Hint: Carefully select and check your materials and components before working with it.

How did I make the coupler?

Loosening nut with breaker bar and socket with pulley held in with a vice to stop it rotating.

Loosening nut with breaker bar and socket with pulley held in with a vice to stop it rotating.

The Electric Motor originally had a pulley on it so that was removed by holding pulley (with motor still attached) in a vice, holding the motor to stop it turning, then undoing the nut. The professional way would have been to use a rattle gun – no vice would have been required, but I don’t have any air tools or an air compressor, hence, resorted to using a vice. The pulley was removed using a pulley removal tool.

With the pulley removed, it was easy to work out what size hole would need to be drilled into the coupler.

A length of C channel was cut measuring around three inches. A hole was drilled in the middle that would match the diameter of the Electric Motor output shaft. A key way was filed to accommodate the key on the Electric Motor shaft. It took three attempts to get it right as the first two attempts were filed to big meaning that there was unacceptable play.

First attempt at making coupler, before being trimmed and put on motor.

First attempt at making coupler, before being trimmed and put on motor.

At the time, I did not work out how to best measure where the other hole which engaged into the special bolt of the crankshaft should go, so I ended up guessing and drilled two holes around one inch (center to center) from the original hole. Due to my lack of accurate measuring (more like guess work), the holes were made oval by drilling a smaller hole next to the holes and filing them with around file, resulting in oval holes. This compensated for things not lining up correctly. Later on, I worked out how to measure things more accurately.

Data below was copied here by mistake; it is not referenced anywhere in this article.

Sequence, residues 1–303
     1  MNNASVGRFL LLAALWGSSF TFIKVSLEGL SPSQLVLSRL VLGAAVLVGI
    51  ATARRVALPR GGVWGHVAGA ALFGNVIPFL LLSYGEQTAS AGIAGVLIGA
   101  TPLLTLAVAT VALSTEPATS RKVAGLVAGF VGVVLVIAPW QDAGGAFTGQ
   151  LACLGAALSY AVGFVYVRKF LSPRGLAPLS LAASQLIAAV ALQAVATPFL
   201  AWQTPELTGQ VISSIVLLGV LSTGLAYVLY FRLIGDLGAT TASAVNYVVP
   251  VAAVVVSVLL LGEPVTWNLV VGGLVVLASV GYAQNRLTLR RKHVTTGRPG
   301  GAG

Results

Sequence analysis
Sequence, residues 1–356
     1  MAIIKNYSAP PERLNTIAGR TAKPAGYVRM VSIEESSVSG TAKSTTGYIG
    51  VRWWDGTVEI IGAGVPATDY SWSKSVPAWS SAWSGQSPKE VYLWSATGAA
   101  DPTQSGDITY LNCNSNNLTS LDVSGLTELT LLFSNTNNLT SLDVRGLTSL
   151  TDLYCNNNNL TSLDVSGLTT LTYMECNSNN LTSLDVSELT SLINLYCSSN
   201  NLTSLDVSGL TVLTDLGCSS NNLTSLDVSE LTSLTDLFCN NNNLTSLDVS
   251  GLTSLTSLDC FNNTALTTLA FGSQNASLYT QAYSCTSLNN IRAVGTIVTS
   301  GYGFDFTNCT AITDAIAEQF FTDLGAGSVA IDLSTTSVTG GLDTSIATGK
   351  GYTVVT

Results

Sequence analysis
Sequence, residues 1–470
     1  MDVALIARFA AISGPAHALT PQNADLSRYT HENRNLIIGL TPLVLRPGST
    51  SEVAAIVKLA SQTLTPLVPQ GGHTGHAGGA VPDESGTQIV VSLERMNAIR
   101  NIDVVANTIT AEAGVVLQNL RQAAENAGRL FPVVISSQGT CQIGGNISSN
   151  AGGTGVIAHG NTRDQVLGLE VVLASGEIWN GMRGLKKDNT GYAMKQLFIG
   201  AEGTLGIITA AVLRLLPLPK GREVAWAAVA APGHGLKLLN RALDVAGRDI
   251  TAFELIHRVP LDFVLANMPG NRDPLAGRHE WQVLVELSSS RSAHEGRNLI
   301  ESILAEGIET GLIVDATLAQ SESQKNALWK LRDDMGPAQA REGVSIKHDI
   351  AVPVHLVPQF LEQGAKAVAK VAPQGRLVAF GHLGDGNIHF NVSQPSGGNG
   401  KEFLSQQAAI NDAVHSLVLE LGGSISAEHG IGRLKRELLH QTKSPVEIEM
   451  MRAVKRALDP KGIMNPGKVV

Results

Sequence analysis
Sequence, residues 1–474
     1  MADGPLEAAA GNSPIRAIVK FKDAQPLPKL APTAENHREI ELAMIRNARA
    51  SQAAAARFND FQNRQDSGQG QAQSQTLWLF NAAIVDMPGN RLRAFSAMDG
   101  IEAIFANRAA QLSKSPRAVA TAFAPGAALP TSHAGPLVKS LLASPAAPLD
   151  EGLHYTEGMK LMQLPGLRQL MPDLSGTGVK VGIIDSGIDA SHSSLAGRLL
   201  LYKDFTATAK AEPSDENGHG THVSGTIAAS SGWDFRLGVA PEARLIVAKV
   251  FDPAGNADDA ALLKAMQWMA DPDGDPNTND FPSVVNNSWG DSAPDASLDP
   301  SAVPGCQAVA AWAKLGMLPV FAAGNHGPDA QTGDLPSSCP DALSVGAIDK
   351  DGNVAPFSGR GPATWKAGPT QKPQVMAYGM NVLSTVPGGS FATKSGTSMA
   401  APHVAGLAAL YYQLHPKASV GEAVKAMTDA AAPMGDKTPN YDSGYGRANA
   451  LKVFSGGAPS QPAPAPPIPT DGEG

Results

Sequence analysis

How the coupler was used?

The coupler was attached to the shaft and the nut tightened against it. However, the coupler could only be really tested when used in the mower and for that to happen, the adapter plate between the Electric Motor and crankcase of the Victa engine had to be fabricated. After the adapter plate was made and the motor attached to the mower, it was tested and there were several problems found with the coupler.

This is Al Bunzel signing out.

P.S. Please check out the next article about how the adapter plate for this Electric Mower Conversion was made.

Electric Victa Mower Conversion Build Thread-The Electric Motor

Electric Victa Mower Conversion Build Thread-The Electric Motor

The Electric Motor selected for Victa Da Stinka Electric Mower Conversion.

The Electric Motor selected for Victa Electric Mower Conversion.

Whether you are doing an Electric Car Conversion, Electric Bike Conversion or an Electric Mower Conversion like this one, the Electric Motor is one of the major components of the conversion. The Electric Motor is the heart. The previous post discussed the fate of the 2 stroke engine and this post discusses the requirements of the electric motor for this electric conversion, what motor was selected and how it was evaluated.

What features and requirements was I looking for in an Electric Motor for Vikta Da Stinka Electric Mower Conversion?

The requirements and features I was looking for in an electric motor for this Electric Mower Conversion were: